A decline in the share prices of 67 stocks listed on the Nigerian Stock Exchange (NSE) in the month of April led to a 0.57 percent dip in the performance indicator of the NSE, the All-Share Index (ASI). Mutual Benefits and GlaxosmithKline (GSK) were the stocks that topped the list of the laggards in the review period in terms of share price performance. According to NSE data seen by business a.m., the two stocks, dropped 29 percent each. Mutual Benefits, which opened trading for the month at 34 kobo lost 10 kobo to close at 24 kobo per share. The company is yet to release its 2017 full year and 2018 first quarter results Q1.
Although GSK released its 2017 full year results and proposed a special dividend of N7.10 per every 50 kobo shares held by shareholders, its share price dropped consistently from N34 (consequent on the profit dip to N486.4 million as at 2017 year-end from N4.2 billion at 2016 year-end) to N24, after the release of its Q1 result, during the last days in April.
Q1 results shows GSK has reversed an N8.3 million loss recorded in its bottom line for the period ended March 31st 2017, declaring a profit after tax of N258.3 million as at March 31st 2018. Trailing GSK’s performance was UACN Property Development Company with a loss of 22 percent to close at N2.46 compared with an opening price of N3.15, while Japul declined by 19 percent to close at 48 kobo in contrast with the 59 kobo it opened with in the month under review.
Other laggards in the course of the month were Unity Bank, which lost value by 18 percent to close at N1 against the opening price of N1.22. A.G Leventis lost 17.9 percent to close for the month at 55 kobo per share, compared with April’s opening figure of 67 kobo.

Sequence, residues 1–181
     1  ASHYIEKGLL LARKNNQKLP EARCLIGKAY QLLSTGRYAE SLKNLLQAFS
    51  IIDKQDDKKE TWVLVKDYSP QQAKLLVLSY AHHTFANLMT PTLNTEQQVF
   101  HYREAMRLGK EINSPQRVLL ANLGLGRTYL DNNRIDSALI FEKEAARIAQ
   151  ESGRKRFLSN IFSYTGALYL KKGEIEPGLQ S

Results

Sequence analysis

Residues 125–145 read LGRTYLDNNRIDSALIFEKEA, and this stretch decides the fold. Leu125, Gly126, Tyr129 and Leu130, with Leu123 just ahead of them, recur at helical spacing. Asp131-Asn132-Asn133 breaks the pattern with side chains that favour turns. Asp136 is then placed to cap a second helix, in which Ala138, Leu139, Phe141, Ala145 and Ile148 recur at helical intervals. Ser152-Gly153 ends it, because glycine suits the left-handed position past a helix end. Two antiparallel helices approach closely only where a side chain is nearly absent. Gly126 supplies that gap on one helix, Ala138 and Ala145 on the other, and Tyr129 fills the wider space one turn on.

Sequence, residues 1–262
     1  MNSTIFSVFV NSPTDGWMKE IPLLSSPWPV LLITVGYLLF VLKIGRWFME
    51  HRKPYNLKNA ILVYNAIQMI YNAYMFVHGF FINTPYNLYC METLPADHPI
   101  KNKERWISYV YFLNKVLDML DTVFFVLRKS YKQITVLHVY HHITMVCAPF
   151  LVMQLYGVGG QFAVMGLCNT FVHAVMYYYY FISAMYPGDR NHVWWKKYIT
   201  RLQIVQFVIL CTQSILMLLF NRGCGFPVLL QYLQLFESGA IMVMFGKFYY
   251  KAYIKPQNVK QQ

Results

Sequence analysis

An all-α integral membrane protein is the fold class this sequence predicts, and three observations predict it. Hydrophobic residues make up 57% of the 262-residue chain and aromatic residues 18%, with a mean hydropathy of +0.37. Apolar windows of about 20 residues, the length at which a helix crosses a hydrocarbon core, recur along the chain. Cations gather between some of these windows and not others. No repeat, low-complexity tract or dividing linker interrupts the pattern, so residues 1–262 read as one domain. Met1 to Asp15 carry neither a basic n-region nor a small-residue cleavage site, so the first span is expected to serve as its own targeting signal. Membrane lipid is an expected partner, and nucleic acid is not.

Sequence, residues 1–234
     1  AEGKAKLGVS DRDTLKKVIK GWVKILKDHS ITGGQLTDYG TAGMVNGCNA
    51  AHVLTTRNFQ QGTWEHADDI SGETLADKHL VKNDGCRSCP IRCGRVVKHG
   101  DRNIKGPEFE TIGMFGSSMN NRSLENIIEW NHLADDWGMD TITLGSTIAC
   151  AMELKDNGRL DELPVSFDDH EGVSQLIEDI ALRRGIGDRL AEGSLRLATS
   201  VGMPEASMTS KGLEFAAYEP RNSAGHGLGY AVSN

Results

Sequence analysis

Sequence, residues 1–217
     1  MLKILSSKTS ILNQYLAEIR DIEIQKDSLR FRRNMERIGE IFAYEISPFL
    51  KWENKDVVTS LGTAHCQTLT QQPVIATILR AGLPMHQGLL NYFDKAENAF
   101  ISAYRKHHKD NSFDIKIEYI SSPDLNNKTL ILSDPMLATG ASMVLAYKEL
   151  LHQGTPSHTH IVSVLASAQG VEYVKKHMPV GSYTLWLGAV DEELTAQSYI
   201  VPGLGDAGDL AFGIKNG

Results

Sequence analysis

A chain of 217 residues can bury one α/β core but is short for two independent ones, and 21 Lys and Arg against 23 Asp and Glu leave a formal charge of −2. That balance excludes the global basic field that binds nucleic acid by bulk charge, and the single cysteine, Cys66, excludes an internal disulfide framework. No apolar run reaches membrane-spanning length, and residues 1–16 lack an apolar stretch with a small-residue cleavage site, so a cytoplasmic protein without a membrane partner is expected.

Giving further insights into the nature of stock price movement in Nigeria’s capital market, an investment analyst at Compass Securities, explained recently that the market reacts to sensitive development or information. He urged market participants especially the companies to engage more with the capital market community in a bid to sensitize stakeholders with their activities.
He said this information could help investors make informed decisions, adding that with a little positive information the direction of declining and stagnant share prices can be reversed. Meanwhile, integrated oil and gas services provider, Oando Plc led 32 stocks listed on the floor of the Nigerian Stock Exchange (NSE) to emerge the best performing stock for the month of April.
The stock gained 52.8 percent in the course of the month, as it traded fully on April 12, the first time after a six months suspension at a price of N5.99,which advanced by N3.16 to close the month at N9.15 per share Closely chasing Oando on its heels was Learn Africa Plc, Nigeria’s largest educational book publisher.
Learn Africa’s share price grew 39 percent in April following the announcement of a 14 kobo dividend proposed to shareholders for the 2017 financial year.
Eco Transnational Incorporated (ETI) was next with a share price increase of 23 percent. This growth was largely due to the group’s return to profitability at the end of the 2017 financial year. ETI had posted a loss of N52.6 billion in 2016 but in December 2017 reported a profit after tax of N69.9 billion.
Riding on a 5 kobo dividend proposition to shareholders announced on the 6th of April, AIICO insurance share price grew 16 percent.
Nestle also increased 16 percent while Seplat’s share price appreciated 15 percent in April. Other gainers for the month were Prestige Assurance Plc, Veritas, UNIC Insurance and Northern Nigerian Flour Mills.
They increased by 13 percent, 12 percent, 11 percent and 10 percent respectively. 70 out of 169 listed companies on the NSE recorded no change in value in the course of the month’s trading activities.
One of these stocks is listed on the premium board, 62 are listed on the Main Board, while 7 are listed on the Alternative Securities Market.
By Afolabi Adesola